{ /etc/inet/inetd.conf
   AppendIfNoSuchLine  "imap  stream  tcp
     nowait  root  /usr/sbin/tcp  imapd"
   DefineClasses "inetd"
   { /etc/inet/inetd.conf
   DeleteLinesStarting  "imap"
   DefineClasses  "inetd"
 [later in the input file]
   "inetd -s"
In this example, we show the use of two builtin cfengine commands, editfiles: and processes:, together with a dynamically defined class called imapd::. The editfiles: command provides a number of actions for manipulating text files, while the processes: command provides actions for manipulating UNIX processes. Through a process detailed in the next section, our software module will dynamically define the imapd:: class based on whether or not the IMAP server package is installed; if the package is installed, the class will be defined, and if the package is not installed, the class will not be defined.

Looking at the example above, you can see that if the imapd package is installed (i.e., the imapd:: class is defined), cfengine will check to make sure that the imap service is enabled in the inetd.conf file. If a line for imap doesn't appear in inetd.conf , that means that the package has just been installed, at which point cfengine will append the line given in double quotes to inetd.conf and then define the inetd:: class (this class will be defined if and only if cfengine edits the inetd.conf file as a result of this check). Later on in the cfengine run when the processes: command runs, cfengine will see that the inetd:: class is defined and send the inetd daemon a HUP signal as instructed by the input file.

If the imapd package is not installed, then the imapd:: class will not be defined by our module, and so cfengine will run the actions in the !imapd:: stanza. These actions tell cfengine to remove the imap entry from inetd.conf if present and set the inetd:: class if the entry was removed. If the imap line is present, that means that the package has just been uninstalled. In this case, cfengine will remove the imap line from inetd.conf and define the inetd:: class, which will later, when the processes: command is run, cause cfengine to send a HUP signal to inetd.

Similar actions can be taken with the installation or removal of any software package or OS patch.

Summing It Up

We now had a good idea of exactly how we wanted to implement our system. It would be driven by cfengine so that every machine could be configured centrally from the cfengine server. We would have a MySQL database holding up-to-date patch information for each of our OSes and software configuration profiles for each of our hosts. We would need to write two cfengine modules in Perl: one to make sure that the computer was up-to-date on patches, and one to make sure the computer had the proper third party software installed.

Putting It Together (The Hard Part)

Cfengine and RPM

The first step in making this system materialize was to build a cfengine server and familiarize ourselves with cfengine in operation. For our cfengine server, security and economy were our top priorities, so we bought a Pentium-based system and installed OpenBSD on it. We disabled every service except for ssh and ftp, and loaded a highly restrictive ipfilter ruleset. We downloaded and installed cfengine and set up cfengine's daemon to share input files with all of the systems on our subnets. We picked a handful of computers on which to install cfengine. These computers would contact our cfengine server every hour to check for updated input files, download them if necessary, and run the commands in the input files. After two or three weeks of leisurely experimenting, we felt we were familiar enough with cfengine to begin designing a software and patch module system around it.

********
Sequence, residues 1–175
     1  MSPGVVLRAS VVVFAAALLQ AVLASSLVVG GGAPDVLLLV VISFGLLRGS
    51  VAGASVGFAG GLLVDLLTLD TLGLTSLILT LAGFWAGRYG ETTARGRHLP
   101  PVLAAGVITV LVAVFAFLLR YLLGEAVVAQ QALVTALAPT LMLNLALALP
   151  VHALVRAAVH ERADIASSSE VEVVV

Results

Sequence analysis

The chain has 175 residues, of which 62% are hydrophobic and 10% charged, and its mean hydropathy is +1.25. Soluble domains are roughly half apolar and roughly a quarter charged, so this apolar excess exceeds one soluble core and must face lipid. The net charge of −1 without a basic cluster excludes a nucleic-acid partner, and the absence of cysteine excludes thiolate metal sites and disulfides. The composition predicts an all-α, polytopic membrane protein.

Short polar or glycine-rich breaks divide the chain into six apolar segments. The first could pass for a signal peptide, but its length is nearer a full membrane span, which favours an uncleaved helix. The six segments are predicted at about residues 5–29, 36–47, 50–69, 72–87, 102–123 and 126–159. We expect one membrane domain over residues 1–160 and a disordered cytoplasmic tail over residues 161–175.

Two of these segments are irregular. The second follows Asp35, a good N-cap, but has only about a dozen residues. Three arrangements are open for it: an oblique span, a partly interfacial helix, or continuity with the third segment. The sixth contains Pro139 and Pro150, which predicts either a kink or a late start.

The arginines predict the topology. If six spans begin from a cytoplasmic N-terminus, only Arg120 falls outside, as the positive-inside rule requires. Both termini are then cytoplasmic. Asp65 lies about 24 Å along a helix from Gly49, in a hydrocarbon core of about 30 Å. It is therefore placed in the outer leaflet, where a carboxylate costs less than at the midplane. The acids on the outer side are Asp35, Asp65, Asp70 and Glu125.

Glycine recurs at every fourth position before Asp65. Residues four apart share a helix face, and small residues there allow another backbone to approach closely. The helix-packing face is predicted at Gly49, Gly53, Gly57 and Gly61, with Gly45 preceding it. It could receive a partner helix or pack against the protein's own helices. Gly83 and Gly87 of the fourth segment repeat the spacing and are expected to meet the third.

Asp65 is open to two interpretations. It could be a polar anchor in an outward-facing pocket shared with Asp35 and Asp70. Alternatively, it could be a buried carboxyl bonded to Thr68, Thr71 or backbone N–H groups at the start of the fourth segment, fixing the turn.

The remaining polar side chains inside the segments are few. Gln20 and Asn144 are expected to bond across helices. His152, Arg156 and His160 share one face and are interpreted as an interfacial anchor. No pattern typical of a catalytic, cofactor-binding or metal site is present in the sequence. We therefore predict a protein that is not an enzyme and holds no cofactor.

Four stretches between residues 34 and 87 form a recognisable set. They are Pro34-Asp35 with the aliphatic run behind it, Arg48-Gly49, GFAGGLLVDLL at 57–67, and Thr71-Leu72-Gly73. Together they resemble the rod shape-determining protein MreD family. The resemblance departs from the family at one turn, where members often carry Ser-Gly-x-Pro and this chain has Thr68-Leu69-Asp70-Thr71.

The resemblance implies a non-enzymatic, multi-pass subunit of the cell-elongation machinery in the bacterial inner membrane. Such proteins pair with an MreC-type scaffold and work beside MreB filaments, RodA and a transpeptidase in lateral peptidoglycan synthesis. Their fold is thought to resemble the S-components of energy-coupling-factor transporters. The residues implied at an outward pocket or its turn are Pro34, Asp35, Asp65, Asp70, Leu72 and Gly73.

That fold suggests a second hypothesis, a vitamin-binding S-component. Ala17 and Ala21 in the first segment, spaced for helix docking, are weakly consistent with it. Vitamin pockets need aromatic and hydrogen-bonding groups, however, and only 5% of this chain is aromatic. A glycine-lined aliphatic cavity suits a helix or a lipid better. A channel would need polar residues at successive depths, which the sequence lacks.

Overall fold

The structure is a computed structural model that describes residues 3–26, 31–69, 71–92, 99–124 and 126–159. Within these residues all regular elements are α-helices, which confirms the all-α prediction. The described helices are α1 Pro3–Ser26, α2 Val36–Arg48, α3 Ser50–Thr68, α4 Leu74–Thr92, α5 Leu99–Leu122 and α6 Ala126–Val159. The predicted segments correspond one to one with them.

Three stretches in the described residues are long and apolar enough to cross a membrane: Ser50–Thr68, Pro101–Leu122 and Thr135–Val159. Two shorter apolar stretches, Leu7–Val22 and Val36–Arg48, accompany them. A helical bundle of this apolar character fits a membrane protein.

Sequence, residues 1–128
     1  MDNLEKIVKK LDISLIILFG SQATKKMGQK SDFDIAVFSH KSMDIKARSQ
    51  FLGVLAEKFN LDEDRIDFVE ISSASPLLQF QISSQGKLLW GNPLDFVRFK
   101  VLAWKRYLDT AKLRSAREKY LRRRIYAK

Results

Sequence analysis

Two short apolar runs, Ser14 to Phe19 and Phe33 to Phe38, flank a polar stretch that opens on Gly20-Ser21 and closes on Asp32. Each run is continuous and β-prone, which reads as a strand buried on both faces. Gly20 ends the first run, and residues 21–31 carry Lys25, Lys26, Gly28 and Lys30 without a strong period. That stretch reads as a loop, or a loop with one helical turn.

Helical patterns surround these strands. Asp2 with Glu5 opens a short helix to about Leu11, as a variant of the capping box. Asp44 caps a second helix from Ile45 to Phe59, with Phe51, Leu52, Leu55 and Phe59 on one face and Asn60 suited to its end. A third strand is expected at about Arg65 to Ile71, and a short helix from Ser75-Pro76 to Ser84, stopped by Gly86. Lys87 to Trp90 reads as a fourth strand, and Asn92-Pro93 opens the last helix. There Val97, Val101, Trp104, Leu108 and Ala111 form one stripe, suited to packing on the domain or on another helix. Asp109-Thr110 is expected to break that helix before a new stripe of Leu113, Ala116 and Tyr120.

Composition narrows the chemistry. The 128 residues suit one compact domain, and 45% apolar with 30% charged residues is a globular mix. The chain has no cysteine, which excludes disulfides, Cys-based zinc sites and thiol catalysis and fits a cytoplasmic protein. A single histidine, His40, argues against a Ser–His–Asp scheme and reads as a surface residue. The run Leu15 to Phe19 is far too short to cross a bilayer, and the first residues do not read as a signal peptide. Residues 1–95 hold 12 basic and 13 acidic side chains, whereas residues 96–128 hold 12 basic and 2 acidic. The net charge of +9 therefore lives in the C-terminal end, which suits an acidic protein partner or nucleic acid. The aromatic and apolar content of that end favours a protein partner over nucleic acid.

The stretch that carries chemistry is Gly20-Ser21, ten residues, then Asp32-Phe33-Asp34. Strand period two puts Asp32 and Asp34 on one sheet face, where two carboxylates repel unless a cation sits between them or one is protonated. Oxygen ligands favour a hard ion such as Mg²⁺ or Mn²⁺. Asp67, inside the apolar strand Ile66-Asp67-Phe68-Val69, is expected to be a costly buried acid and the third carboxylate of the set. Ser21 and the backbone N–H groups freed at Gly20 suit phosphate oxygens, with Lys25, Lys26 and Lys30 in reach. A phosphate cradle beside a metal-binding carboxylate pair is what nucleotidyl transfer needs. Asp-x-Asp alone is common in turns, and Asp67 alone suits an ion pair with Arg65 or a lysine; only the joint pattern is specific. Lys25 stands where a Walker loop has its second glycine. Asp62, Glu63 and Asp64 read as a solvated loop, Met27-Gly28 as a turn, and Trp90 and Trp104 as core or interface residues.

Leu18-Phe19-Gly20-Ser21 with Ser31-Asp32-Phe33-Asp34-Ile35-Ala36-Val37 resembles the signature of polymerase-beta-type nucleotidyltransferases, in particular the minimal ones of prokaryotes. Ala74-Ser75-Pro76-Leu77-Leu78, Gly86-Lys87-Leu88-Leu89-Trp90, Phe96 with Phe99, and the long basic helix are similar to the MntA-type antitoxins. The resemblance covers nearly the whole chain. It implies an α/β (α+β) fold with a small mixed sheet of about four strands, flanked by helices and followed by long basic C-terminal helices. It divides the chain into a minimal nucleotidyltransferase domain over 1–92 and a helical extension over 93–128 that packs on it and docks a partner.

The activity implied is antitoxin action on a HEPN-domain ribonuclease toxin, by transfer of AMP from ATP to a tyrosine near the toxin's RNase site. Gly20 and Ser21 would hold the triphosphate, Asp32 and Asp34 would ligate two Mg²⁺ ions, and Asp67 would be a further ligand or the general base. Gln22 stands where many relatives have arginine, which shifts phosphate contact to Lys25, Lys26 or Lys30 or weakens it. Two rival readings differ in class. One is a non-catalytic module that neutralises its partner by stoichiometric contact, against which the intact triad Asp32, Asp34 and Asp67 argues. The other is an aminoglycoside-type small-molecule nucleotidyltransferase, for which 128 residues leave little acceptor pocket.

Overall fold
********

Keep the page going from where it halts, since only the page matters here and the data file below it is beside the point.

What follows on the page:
Since a large fraction of the computers we're responsible for are Sun SPARCs running Solaris, we started developing on our Solaris machines first. After making and installing a Solaris pkg package for RPM, we thought of all the third party software that we would want to install, downloaded the source code, and compiled them into RPM packages. This took about two months and was by far the most time consuming step of the entire process.

Software and Patch Database

Once we made all of the RPMs, the next step was to design and create a database to store all of our software information and patch information. Towards this end, we had to get into the specifics of exactly what kind of information we would want our database to hold. For software, we came up with the following list:

  • The name of every package available.
  • A listing of what OS each package was available for. Some of our software would only need to be compiled for one or two of our operating systems. For example, our Red Hat Linux systems would already have installed out of the box several packages which we would be building for our other systems. We needed to be able to differentiate, for example, between the ``screen'' package that shipped with Red Hat and the one that we built from our own spec file for OSes that didn't ship with a copy of screen. It would be very nice for our systems to be aware of which packages are installable and which ones not to bother with.
  • The current, default version of each software package, applicable to every operating system.
  • The ability to specify different current versions of the software packages for different operating systems. Some versions of a few of the software packages we'd be using simply wouldn't be runnable on some of our operating systems. It'd be great to say, ``Everybody run version 1.24 of the `foo' package, except for you AIX machines; I want you running version 1.22.''